Difficulties of high-profile pastors may reorient movement—or reinforce it.
Bobby Ross Jr. | posted 1/15/2009 09:40AMS
ome of the high-flying icons of the prosperity gospel—the belief that God rewards signs of faith with wealth, health, and happiness—have run into financial turbulence.Not all of their troubles can be blamed on the nation's economic crisis, say critics of the name-it-and-claim-it theology found in some charismatic churches."I believe the charismatic movement, of which I am a part, is in the midst of a dramatic overhaul," said J. Lee Grady, editor of Charisma
magazine. "God is shaking us." Grady predicts the movement will look much different in a few years as it refocuses on evangelism and overcoming what he calls the distraction of "materialism, flashy self-promotion, and foolish carnality." But Scott Thumma, a Hartford Seminary sociologist who studies megachurches, is not so certain."Most clergy who preach a prosperity gospel would interpret for their congregation any conflict, scrutiny, or questioning as an attack of the Devil and proof that they are following God," he said. Among recent developments:
• In Fort Worth, Texas, a review board ruled December 7 that Kenneth Copeland Ministries' $3.6 million jet did not have tax-exempt status. The ruling came after the ministry, whose 1,500-acre campus includes a $6 million church-owned lakefront mansion, refused to release the salaries of Copeland, his wife, and others.
• In suburban Atlanta, Georgia, a sheriff's deputy served an eviction notice November 14 at Bishop Thomas Weeks III's Global Destiny Church. Court documents indicate the bishop, the ex-husband of televangelist Juanita Bynum, owed half a million dollars in back rent. The church has lost roughly half of its 3,400 members since Weeks and Bynum's 2007 fight in a hotel parking lot, in which Weeks was accused of pushing, choking, and beating his then-wife.
• In Tampa, Florida, Without Walls International Church—which once attracted 23,000 worshipers—has shrunk drastically after co-pastors Randy and Paula White announced in 2007 they were divorcing. The church faces an uncertain future after the Evangelical Christian Credit Union began foreclosure proceedings November 4 and demanded repayment of a $12 million loan on the church's property.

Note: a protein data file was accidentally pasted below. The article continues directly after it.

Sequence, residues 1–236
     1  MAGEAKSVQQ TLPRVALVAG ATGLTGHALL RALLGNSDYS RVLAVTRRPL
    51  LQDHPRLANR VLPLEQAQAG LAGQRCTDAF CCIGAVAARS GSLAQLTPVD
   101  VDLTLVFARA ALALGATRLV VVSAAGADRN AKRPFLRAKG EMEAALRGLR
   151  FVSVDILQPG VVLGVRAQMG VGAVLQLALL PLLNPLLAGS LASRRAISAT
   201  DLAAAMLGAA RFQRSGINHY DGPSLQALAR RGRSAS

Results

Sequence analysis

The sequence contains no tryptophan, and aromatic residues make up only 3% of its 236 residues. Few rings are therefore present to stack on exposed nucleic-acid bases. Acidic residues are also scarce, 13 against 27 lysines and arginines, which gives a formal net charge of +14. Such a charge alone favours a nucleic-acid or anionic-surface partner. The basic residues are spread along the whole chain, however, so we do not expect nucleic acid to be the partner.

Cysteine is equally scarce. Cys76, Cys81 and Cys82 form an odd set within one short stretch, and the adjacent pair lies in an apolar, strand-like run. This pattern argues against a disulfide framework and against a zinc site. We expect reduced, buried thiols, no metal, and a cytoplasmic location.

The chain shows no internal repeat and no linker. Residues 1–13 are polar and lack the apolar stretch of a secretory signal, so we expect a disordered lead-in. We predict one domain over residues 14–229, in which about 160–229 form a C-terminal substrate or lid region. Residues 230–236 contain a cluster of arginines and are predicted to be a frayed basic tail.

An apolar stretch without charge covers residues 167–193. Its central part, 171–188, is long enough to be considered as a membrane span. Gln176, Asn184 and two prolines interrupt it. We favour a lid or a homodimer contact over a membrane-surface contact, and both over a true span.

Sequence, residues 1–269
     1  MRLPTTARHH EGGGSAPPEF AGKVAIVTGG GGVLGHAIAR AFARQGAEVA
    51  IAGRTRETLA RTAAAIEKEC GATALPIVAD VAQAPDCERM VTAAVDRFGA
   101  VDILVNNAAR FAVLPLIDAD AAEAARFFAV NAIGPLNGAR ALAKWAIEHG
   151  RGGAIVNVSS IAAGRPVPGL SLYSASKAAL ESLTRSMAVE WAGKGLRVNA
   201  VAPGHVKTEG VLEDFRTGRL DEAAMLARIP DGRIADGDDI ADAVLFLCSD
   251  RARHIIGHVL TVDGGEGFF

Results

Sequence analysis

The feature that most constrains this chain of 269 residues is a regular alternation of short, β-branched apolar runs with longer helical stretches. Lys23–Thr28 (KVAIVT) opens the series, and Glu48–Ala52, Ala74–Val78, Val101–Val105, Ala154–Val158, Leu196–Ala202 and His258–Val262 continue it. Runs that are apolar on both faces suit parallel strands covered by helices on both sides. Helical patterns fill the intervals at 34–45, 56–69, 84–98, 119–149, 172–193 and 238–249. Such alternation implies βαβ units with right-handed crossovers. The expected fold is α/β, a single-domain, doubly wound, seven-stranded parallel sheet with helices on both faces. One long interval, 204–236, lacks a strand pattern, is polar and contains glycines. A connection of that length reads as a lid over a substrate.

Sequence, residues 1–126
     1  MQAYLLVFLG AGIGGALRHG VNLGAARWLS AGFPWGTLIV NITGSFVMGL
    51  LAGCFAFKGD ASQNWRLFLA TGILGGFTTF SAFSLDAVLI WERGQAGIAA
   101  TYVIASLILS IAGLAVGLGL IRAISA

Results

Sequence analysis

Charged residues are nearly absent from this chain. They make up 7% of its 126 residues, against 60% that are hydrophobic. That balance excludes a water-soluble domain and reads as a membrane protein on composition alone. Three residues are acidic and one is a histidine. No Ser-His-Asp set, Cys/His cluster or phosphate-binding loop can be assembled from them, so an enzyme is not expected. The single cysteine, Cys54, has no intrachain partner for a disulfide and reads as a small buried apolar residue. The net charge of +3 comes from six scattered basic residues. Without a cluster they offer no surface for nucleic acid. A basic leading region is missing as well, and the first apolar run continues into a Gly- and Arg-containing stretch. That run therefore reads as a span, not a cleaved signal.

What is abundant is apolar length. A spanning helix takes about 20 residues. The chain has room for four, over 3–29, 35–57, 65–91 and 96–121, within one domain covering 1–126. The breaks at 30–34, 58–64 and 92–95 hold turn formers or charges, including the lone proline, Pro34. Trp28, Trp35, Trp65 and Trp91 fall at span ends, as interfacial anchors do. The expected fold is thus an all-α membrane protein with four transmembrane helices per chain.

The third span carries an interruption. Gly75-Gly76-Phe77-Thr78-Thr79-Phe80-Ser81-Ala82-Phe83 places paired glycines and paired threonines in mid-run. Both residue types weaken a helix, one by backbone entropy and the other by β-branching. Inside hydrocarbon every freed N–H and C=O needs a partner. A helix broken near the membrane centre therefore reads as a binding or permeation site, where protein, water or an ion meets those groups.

• In suburban Minneapolis on November 18, Living Word Christian Center pastor Mac Hammond won the first stage of a court battle with the Internal Revenue Service to keep his salary private. Yet in 2008, he was forced to put his private jet up for sale and cut Living Word's hour-long television show in half to save money amid falling contributions.
Meanwhile, Copeland and the Whites are among six televangelists whose large organizations have been targeted in a Senate Finance Committee investigation into allegations of questionable spending and lax financial accountability. All six preach some form of the prosperity gospel.
Could followers of the prosperity gospel—encouraged by pastors to "sow a seed" of faith by spending money, often in the form of a donation to the pastors' ministries—be turned off by the recent turmoil?
Craig Blomberg, author of a 2001 study of prosperity theology, said he expects the movement to "take a small hit among those who recognize that it can't deliver on what it promises."
But many followers could view the financial difficulties as consequences for sin and personal failings—from Weeks's assault conviction to the Whites' divorce—and determine to try that much harder to please God and prosper themselves, he suggested.
"Some may well interpret this as judgment on the leaders who have abused their positions or proved immoral in other respects," said Blomberg, a New Testament professor at Denver Seminary. "And many may simply assume this is the time to call others and themselves to an even truer faith so that the 'system will work' as it is supposed to in their minds."
In Grady's view, the notion that "God blesses us so we can be a blessing" is biblical. What is needed, he believes, is a shift to a more selfless movement where people "realize that God wants to bless us so that we can feed the poor, lift up the broken, and transform society. "We need that kind of prosperity," he said, "and I think that is where things are going."
From Christianity Today